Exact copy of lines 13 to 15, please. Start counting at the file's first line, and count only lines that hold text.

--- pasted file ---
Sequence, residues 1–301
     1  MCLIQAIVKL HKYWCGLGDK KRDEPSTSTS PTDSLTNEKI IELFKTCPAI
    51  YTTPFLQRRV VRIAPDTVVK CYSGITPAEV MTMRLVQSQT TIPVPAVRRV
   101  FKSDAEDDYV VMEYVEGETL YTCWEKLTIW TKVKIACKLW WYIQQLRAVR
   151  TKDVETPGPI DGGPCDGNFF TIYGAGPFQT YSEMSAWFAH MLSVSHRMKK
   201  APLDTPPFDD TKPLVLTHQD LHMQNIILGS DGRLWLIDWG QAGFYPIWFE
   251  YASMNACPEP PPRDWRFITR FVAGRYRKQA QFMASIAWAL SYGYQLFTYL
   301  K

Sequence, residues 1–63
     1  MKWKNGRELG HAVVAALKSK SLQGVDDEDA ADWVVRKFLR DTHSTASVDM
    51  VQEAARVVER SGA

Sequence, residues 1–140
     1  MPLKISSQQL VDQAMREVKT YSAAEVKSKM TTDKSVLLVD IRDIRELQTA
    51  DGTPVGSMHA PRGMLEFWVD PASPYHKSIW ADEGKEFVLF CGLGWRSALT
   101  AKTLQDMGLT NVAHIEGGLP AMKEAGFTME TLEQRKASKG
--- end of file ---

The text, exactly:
     1  MPLKISSQQL VDQAMREVKT YSAAEVKSKM TTDKSVLLVD IRDIRELQTA
    51  DGTPVGSMHA PRGMLEFWVD PASPYHKSIW ADEGKEFVLF CGLGWRSALT
   101  AKTLQDMGLT NVAHIEGGLP AMKEAGFTME TLEQRKASKG